Aldi Commits to Remove Plastic Bags From All Stores

CEO reveals goal in customer letter featuring progress in other areas of sustainability
Bridget Goldschmidt
Managing Editor
Bridget Headshot
Aldi Sustainability Main Image
Aldi has already removed plastic shopping bags from almost 500 stores and is on track to phasing them out of all 2,200 U.S. locations by the close of next year. 

In a letter to customers, Aldi U.S. CEO Jason Hart revealed a new commitment to remove all plastic shopping bags from stores by the end of 2023, which, according to the company, equates to the elimination of 4,400 tons of plastic from the environment every year. The deep-discount grocer has already removed plastic shopping bags from almost 500 stores and is on track to phasing them out of all 2,200 U.S. locations by the close of next year. 

According to Hart, Aldi is the first major U.S retailer to commit to eliminating all plastic shopping bags from stores.

The customer letter also included the company’s inaugural Corporate Responsibility Progress Report, which came out just one year after Aldi unveiled updated sustainability goals. The report highlights the progress that the company has made in lowering its greenhouse-gas emissions, diverting operational waste, and reducing food waste and packaging, while continuing to responsibly source products and provide support to local communities.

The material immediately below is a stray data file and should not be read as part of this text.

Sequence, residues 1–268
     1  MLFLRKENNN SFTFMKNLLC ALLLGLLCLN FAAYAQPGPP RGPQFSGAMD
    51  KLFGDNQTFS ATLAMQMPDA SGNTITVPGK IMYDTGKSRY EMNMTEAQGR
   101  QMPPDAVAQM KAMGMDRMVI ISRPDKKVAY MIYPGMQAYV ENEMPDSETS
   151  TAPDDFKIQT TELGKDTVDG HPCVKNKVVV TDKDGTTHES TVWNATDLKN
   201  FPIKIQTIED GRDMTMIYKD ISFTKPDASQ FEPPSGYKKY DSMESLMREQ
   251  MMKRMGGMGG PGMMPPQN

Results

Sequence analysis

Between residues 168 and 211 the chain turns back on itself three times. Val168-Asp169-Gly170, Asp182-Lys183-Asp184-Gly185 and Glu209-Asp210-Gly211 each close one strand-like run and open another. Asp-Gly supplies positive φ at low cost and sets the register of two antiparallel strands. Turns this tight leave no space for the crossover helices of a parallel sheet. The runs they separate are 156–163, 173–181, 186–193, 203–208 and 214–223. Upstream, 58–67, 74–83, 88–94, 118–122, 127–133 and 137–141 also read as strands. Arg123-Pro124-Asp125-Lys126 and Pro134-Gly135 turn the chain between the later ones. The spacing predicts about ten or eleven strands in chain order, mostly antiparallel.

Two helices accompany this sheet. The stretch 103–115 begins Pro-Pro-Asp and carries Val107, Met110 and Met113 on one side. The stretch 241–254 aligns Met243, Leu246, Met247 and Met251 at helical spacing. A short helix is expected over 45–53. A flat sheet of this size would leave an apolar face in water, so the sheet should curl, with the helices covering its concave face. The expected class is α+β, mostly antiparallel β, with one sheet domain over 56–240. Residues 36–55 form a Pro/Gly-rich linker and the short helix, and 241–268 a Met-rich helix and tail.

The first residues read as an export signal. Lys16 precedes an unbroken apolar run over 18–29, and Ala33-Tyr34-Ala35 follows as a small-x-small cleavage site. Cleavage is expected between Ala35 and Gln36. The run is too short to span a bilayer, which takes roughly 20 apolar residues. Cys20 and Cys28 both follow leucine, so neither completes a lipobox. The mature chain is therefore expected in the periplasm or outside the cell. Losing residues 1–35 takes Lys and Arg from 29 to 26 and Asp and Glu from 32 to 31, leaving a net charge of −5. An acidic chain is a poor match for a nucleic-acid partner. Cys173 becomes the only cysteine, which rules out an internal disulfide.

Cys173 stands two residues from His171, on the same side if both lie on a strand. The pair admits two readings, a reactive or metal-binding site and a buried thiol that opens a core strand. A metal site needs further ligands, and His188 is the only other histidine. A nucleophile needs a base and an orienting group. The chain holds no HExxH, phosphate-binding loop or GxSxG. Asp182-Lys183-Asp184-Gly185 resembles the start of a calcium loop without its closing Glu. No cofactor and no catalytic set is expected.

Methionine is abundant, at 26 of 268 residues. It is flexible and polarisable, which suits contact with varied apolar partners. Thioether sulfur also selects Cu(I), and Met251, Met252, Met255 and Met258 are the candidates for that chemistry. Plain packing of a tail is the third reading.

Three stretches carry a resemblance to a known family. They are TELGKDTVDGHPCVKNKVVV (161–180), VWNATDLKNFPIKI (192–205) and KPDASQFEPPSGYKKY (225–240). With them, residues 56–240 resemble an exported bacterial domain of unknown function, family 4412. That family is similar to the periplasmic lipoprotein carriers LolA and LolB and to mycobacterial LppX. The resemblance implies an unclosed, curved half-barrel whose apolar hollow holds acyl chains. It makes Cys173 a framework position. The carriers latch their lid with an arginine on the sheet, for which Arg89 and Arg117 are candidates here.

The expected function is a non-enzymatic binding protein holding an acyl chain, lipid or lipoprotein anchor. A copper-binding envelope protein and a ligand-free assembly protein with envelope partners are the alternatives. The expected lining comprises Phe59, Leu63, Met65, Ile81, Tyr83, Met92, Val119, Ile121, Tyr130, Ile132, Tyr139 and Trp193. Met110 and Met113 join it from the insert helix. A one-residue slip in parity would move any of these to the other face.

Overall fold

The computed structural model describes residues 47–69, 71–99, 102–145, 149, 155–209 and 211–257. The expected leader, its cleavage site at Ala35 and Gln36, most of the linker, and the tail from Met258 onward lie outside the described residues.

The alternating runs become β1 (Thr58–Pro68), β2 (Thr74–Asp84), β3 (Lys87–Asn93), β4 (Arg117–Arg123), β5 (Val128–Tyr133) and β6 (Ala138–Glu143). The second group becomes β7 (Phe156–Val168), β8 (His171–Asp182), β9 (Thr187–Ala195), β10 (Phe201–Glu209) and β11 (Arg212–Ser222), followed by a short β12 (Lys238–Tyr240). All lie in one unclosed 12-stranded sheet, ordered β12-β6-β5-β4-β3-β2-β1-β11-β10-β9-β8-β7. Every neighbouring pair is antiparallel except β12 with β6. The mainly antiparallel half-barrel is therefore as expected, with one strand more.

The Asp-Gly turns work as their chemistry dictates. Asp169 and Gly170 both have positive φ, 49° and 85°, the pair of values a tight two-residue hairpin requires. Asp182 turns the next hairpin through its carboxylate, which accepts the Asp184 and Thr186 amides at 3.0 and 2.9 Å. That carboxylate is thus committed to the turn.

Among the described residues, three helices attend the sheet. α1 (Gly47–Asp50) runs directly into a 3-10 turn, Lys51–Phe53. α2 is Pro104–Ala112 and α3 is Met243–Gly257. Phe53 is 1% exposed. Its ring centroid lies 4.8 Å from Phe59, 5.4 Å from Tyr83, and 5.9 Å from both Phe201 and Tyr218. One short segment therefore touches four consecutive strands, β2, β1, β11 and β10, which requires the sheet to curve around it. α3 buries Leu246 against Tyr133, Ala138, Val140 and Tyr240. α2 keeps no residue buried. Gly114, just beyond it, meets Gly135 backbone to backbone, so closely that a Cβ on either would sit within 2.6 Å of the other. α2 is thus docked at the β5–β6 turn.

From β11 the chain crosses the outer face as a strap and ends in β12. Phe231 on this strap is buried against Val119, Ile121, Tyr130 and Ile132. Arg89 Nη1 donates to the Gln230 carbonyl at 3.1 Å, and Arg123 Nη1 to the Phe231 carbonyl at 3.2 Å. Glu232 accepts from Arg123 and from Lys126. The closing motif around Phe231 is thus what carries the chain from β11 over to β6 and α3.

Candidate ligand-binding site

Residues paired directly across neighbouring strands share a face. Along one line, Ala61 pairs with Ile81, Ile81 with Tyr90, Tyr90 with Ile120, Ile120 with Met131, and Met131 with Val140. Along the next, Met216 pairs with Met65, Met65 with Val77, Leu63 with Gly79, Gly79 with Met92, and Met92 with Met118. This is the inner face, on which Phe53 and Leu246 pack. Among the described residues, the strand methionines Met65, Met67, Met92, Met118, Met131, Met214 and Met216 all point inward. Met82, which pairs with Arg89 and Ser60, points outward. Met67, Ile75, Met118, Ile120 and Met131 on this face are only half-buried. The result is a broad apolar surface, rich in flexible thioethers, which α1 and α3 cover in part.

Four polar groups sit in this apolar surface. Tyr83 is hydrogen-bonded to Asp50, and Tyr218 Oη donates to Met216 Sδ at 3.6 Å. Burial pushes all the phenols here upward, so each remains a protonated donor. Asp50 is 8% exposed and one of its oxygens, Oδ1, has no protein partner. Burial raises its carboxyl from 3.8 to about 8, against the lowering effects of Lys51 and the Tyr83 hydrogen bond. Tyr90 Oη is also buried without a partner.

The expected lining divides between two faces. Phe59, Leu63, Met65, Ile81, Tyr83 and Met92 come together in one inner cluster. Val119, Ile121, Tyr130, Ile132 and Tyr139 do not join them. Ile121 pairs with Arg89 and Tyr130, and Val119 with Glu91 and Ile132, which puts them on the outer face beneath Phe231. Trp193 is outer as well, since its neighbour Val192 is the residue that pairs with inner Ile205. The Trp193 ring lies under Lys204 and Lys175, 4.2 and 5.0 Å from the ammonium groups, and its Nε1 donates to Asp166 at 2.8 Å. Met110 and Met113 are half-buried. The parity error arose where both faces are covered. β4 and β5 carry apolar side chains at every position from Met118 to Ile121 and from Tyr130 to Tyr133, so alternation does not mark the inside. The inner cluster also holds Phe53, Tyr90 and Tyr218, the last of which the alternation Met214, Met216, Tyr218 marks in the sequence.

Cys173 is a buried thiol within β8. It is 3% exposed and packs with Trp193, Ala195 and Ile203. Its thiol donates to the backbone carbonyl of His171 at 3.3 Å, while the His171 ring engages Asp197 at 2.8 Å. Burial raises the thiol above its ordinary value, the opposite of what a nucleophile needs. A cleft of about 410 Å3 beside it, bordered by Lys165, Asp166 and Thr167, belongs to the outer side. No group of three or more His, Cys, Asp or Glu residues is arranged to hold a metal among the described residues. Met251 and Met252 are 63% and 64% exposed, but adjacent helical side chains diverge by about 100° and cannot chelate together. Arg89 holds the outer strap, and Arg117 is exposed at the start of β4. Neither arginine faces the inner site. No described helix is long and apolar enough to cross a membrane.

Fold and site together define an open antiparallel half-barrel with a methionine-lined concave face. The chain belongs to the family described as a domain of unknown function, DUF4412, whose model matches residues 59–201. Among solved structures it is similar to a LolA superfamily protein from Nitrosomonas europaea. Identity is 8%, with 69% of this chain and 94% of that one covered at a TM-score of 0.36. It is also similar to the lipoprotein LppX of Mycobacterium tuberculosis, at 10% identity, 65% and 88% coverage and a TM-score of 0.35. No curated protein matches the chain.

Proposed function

Among the report’s highlights:  

  • Aldi has considerably reduced its use of plastic and boosted the recyclability of its packaging so that more than 62% of Aldi-exclusive packaging is reusable, recyclable or compostable.  
  • The company earned more EPA GreenChill store certifications than all grocery retailers in the nation combined for the second consecutive year, and continued to purchase green electricity to cover 100% of its energy consumption. 
  • The grocer donated more than 33 million pounds of food through its partnership with Feeding America, and 72,000 pounds of household products through its partnership with Good360. Aldi also diverted 74% of operational waste company-wide that would otherwise go to landfills, through increased donations, recycling programs and composting pilots.  

In related news, following successful pilot programs at stores in New York, Massachusetts, Maryland and Virginia, Wegmans Food Markets said it would eliminate plastic bags company-wide by the end of the year, while Giant Eagle relaunched its effort to remove single-use plastic bags across its operations, beginning with stores in Cuyahoga County, Ohio, and Erie, Pa. Neither of these well-known regional grocers has the reach of Aldi’s U.S. operations, however.

Operating in 38 states, Batavia, Ill.-based Aldi U.S. is No. 24 on The PG 100, Progressive Grocer’s 2021 list of the top food and consumables retailers in North America. Rochester, N.Y.-based Wegmans, operating 106 stores in New York, Pennsylvania, New Jersey, Virginia, Maryland, Massachusetts and North Carolina, is No. 35 on PG’s list. Pittsburgh-based Giant Eagle, with more than 470 stores throughout western Pennsylvania, Ohio, northern West Virginia, Maryland and Indiana, was recently included in Progressive Grocer’s Top 10 Regional Operators to Watch and is No. 37 on The PG 100.

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